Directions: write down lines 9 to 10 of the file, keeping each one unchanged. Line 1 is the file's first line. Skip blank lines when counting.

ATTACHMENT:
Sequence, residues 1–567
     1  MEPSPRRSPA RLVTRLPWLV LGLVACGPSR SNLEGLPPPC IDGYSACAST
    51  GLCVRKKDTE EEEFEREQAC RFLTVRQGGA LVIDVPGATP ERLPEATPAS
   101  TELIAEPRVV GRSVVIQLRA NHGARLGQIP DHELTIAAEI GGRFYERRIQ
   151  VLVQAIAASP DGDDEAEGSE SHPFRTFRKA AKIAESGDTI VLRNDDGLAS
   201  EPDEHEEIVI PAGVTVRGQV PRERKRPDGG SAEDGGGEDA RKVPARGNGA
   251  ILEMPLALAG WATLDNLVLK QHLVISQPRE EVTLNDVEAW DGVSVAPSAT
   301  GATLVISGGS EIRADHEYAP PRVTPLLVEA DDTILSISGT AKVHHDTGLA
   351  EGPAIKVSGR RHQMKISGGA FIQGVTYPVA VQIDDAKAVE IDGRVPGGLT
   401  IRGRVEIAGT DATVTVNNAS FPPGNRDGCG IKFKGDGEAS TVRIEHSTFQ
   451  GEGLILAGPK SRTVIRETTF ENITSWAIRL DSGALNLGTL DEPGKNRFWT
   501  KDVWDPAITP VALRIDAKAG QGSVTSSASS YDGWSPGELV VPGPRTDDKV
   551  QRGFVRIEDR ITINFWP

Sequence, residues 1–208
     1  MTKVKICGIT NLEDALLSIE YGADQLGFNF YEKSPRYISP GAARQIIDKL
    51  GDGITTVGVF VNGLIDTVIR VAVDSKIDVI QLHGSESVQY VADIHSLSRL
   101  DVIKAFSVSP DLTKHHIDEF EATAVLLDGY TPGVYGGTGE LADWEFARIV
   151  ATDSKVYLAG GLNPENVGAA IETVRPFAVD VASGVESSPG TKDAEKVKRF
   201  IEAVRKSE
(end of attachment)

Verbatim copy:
   351  EGPAIKVSGR RHQMKISGGA FIQGVTYPVA VQIDDAKAVE IDGRVPGGLT
   401  IRGRVEIAGT DATVTVNNAS FPPGNRDGCG IKFKGDGEAS TVRIEHSTFQ